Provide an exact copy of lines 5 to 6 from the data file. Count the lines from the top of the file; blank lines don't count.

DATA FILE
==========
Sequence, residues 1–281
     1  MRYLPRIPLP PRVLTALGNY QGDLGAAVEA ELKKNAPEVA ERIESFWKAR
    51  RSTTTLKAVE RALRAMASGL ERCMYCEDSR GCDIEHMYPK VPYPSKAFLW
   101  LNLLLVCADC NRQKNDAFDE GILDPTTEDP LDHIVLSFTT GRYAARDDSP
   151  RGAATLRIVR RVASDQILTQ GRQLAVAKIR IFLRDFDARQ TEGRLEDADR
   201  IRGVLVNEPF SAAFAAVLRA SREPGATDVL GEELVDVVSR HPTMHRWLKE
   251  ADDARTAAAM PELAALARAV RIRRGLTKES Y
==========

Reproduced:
   151  RGAATLRIVR RVASDQILTQ GRQLAVAKIR IFLRDFDARQ TEGRLEDADR
   201  IRGVLVNEPF SAAFAAVLRA SREPGATDVL GEELVDVVSR HPTMHRWLKE